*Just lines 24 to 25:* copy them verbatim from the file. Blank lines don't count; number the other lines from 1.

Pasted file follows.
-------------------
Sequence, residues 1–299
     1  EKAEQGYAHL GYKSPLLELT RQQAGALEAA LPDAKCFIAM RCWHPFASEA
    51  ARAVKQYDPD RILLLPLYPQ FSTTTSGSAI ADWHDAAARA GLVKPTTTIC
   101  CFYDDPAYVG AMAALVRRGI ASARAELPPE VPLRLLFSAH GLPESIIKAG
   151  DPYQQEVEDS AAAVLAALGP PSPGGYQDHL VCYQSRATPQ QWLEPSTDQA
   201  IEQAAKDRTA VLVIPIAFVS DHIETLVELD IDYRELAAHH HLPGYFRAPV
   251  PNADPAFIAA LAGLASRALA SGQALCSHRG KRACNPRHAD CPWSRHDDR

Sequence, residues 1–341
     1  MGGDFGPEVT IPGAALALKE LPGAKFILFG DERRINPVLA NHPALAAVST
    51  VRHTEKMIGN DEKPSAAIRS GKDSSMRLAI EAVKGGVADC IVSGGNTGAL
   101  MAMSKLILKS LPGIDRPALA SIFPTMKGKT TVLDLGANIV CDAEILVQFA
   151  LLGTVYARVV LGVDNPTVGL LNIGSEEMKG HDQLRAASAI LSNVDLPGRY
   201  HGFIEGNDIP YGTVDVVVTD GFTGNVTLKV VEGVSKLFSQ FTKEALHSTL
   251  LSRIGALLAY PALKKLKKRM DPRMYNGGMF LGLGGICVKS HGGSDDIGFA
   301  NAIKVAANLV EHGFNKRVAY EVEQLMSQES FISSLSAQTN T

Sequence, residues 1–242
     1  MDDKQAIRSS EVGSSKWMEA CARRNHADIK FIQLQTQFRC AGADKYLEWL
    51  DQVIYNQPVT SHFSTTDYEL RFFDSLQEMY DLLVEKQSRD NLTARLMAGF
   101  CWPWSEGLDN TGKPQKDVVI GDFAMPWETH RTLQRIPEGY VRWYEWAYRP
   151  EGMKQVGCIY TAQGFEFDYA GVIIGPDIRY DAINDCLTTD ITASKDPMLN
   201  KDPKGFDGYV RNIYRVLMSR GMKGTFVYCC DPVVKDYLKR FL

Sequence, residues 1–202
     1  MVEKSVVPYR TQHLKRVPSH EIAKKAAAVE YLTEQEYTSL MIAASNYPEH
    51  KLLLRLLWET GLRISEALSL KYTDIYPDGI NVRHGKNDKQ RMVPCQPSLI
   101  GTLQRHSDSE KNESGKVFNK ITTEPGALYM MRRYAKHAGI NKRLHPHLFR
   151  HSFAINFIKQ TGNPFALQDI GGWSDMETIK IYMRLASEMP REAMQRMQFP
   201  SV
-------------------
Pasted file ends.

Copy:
    51  KLLLRLLWET GLRISEALSL KYTDIYPDGI NVRHGKNDKQ RMVPCQPSLI
   101  GTLQRHSDSE KNESGKVFNK ITTEPGALYM MRRYAKHAGI NKRLHPHLFR